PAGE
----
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Providing a Good Education Means Moving Beyond Outdated American Method of Schooling, Senator Says

Sen. Ben Sasse (Foundation for Excellence in Education/Twitter)

Washington, D.C.

Education reformers must draw a distinction between education and schooling as they face opposition to changes to the traditional school system, Sen. Ben Sasse said Thursday.

“Education is a goal. Schooling is one of many means to the end, or to that goal,” Sasse, a Republican from Nebraska, told an estimated 1,000 attendees at the Foundation for Excellence in Education Conference.

If education is the true goal, there can be new ways to achieve it, beyond the traditional methods of schooling that have long dominated in the United States, he said. If the two remain synonymous, then any changes to the current system of schooling can be spun as undercutting education.

“I think it’s really important that we do a better job of catechizing ourselves [to this belief] … and that we learn to tell that story publicly. Until we do, critics are going to be able to misrepresent what this movement is about,” he said.

Sasse, who holds a Ph.D. in American history, also portrayed the current public education model — that is, 25 or 30 students, of the same age, sitting in a classroom learning mostly by lecture — as the product of a particular set of movements in American history, and one that should be open to change.

“This system wasn’t ordained by God. There wasn’t some moment where this form of educational delivery was inscribed on tablets” and delivered to the U.S. Department of Education, Sasse joked. He and his wife homeschool their three children.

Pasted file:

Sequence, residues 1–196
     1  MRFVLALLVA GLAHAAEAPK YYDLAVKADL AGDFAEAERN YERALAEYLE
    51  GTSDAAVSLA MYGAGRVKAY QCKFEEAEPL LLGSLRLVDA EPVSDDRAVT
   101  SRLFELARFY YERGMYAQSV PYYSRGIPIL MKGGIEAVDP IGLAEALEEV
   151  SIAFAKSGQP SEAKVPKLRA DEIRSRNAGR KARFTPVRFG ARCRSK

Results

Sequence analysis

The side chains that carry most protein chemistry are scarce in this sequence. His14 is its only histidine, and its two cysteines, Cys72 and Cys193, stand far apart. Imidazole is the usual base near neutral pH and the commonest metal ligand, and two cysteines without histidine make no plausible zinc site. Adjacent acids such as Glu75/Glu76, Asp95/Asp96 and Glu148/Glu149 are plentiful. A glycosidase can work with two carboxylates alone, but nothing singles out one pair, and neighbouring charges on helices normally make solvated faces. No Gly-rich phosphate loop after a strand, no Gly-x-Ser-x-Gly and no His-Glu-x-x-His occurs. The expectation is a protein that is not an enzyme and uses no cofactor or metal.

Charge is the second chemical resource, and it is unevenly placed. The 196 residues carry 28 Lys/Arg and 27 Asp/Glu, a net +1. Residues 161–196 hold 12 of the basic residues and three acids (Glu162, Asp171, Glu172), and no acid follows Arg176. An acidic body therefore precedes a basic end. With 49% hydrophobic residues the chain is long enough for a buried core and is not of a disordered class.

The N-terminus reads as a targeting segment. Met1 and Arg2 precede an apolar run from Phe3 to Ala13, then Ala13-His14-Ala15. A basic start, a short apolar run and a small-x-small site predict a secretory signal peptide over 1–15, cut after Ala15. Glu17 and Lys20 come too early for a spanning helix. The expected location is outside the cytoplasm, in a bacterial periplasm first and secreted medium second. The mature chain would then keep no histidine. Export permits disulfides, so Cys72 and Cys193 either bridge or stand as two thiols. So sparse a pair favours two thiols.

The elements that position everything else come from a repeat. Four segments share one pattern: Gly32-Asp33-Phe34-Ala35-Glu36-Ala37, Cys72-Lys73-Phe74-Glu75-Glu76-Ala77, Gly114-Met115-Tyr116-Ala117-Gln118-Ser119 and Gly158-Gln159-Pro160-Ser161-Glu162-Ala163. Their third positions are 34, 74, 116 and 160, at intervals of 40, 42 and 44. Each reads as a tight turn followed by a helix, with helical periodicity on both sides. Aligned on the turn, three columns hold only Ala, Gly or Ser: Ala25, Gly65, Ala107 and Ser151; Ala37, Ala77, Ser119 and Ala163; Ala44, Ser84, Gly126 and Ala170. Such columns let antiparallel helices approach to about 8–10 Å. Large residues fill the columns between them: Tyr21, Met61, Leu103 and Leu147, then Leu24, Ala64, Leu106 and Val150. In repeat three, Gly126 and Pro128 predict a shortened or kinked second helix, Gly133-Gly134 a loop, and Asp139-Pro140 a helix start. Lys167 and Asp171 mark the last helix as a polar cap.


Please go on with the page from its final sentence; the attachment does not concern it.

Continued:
Those historical trends resulted in a homogenized school model that reduced, if not entirely eliminated, the role of families in children’s upbringing and aimed to produce workers for factories, Sasse said.

But education shouldn’t be about producing those assembly line workers anymore, at least in part because those manufacturing jobs are rapidly disappearing, Sasse said.

“Families and local communities should have the freedom to explore different modes [of education], because the souls of our students require it,” he said. “I think that a lot of what we do in some of those homogenized institutions is quite literally soul-crushing, but it doesn’t have to be that way.”

Former Florida governor Jeb Bush, who founded the group, was scheduled to give the opening keynote, but he was instead attending services for his father, the late President George H.W. Bush, in Texas.

He recorded a video that was played for attendees, urging them, in this 35th anniversary year of the seminal A Nation at Risk report, to undertake bold reforms.

“Our country can’t afford another 35 years of hyperbolic rhetoric that disguises real-life complacency,” he said.

Disclosure: Walton Family Foundation, Bloomberg Philanthropies, Bill & Melinda Gates Foundation, Triad Foundation, Doris & Donald Fisher Foundation, and William E. Simon Foundation provide financial support to the Foundation for Excellence in Education and The 74.

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